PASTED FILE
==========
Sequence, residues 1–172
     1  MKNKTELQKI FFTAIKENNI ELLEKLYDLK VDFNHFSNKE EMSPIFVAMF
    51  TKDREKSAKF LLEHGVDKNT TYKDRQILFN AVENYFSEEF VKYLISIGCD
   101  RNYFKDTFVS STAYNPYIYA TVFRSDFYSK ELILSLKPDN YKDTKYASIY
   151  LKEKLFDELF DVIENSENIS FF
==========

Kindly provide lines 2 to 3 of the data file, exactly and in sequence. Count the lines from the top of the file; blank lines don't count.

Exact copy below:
     1  MKNKTELQKI FFTAIKENNI ELLEKLYDLK VDFNHFSNKE EMSPIFVAMF
    51  TKDREKSAKF LLEHGVDKNT TYKDRQILFN AVENYFSEEF VKYLISIGCD